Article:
Religious bigotry has replaced racial bigotry among congressmen. Both the House and the Senate have shown a spike in religious bigotry, the targets being mostly Catholics and Jews.
A few months ago, two U.S. senators, Kamala Harris and Mazie Hirono, showed their anti-Catholic colors by attacking a Catholic nominee for a job on the federal bench because of his membership in the Knights of Columbus.
Brian Buescher, who was nominated by President Trump to serve on the U.S. District Court for the District of Nebraska, was badgered by these Democrats for belonging to an “all male society,” one that just happens to oppose abortion and gay marriage. It is undeniable that Buescher was attacked because he belongs to a Catholic group.
In January, Bill Donohue contacted the House Ethics Committee asking for sanctions against Rep. Ilhan Omar after she lied about students from Covington Catholic High School. She accused them of making fun of rape—”it’s not rape if you enjoy it”—and for racism (they were accused of taunting five black men). None of this was true, which is why she deleted the remarks from her website. She never apologized, which is what we would expect.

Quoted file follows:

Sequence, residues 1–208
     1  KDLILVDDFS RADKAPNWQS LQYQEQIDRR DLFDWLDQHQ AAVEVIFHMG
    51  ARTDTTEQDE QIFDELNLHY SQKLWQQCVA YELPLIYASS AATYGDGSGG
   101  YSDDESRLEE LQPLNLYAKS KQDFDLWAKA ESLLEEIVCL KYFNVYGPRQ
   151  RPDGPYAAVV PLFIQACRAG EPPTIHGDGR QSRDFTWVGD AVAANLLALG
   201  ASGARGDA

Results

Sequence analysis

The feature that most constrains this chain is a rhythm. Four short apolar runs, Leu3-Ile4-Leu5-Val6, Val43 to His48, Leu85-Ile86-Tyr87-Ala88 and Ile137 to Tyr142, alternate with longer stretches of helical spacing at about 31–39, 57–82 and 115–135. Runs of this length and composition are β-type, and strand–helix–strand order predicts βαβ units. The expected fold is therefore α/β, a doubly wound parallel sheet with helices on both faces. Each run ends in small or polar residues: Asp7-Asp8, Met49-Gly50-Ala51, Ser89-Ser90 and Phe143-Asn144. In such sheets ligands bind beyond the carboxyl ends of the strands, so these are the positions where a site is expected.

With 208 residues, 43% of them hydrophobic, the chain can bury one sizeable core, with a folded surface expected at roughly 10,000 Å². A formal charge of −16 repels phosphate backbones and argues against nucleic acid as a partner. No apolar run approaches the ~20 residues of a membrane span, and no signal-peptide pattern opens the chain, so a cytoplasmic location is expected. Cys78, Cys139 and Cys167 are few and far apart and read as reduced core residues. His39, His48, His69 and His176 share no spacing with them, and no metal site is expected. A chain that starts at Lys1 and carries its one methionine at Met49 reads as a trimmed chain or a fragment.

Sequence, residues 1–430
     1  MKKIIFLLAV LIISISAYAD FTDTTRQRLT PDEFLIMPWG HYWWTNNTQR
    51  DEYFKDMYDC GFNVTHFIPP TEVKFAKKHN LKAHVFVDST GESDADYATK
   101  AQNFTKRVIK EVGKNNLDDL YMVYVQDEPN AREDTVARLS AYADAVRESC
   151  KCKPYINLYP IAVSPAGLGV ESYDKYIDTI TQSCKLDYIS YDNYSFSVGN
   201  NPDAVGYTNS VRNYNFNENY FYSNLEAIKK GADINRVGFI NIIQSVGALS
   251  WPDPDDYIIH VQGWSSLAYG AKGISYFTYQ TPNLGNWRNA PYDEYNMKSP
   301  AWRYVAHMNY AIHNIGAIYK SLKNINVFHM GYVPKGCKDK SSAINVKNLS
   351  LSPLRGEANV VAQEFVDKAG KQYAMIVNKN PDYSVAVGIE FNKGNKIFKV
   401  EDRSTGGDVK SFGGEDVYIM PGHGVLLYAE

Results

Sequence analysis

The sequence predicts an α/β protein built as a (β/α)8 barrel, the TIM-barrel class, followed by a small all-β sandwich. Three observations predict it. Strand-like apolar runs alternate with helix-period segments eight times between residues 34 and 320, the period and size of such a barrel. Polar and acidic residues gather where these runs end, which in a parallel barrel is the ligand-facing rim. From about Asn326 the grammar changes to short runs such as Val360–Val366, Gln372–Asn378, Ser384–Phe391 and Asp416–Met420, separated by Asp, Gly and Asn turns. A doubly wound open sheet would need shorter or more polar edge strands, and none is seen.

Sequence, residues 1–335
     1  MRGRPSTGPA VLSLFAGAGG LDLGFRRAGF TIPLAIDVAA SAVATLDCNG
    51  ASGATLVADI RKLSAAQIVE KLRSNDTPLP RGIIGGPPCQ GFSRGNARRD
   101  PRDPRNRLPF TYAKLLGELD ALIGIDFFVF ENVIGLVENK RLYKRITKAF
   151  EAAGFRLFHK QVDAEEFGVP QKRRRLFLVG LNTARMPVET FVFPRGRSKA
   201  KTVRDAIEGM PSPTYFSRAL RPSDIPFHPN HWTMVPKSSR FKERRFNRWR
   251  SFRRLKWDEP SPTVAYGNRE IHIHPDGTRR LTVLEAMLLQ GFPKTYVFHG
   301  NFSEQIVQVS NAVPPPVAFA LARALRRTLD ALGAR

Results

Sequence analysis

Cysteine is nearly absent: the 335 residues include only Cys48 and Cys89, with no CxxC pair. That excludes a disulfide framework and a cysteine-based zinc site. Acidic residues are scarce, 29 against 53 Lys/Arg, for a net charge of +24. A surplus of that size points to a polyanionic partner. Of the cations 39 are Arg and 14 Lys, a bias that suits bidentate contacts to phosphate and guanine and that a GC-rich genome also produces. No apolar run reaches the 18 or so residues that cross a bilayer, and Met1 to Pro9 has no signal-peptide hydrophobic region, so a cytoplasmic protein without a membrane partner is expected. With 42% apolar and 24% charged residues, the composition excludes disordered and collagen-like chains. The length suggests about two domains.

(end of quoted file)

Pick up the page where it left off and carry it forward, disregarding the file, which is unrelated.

Donohue wrote to Ethics Committee chairman Rep. Ted Duetch and Ranking Member Kenny Marchant asking them to invoke Rule XXIII, Section 1, of the Code of Official Conduct which addresses civility.
More recently, Omar went on a rampage against Jews, accusing them of buying votes and putting the interests of Israel ahead of the U.S. She rolled out the familiar anti-Semitic tropes to the applause of extremists in the Democratic Party.
When a resolution was introduced in the House calling for a statement condemning anti-Semitism, Rep. Nancy Pelosi, the House Speaker, caved in to Omar and her ilk by diluting the resolution; it condemned virtually every expression of bigotry. We labeled it a “sham.”
This led Rabbi Aryeh Spero of the National Conference of Jewish Affairs, who is a good friend of Donohue’s, to stage a sit-in at Pelosi’s congressional office. We supported it and some Catholic League members participated in it.
Religious bigotry is no more acceptable than racial bigotry. Regrettably, we now have to fight to get this voice heard. The good news is we have some key allies to work with.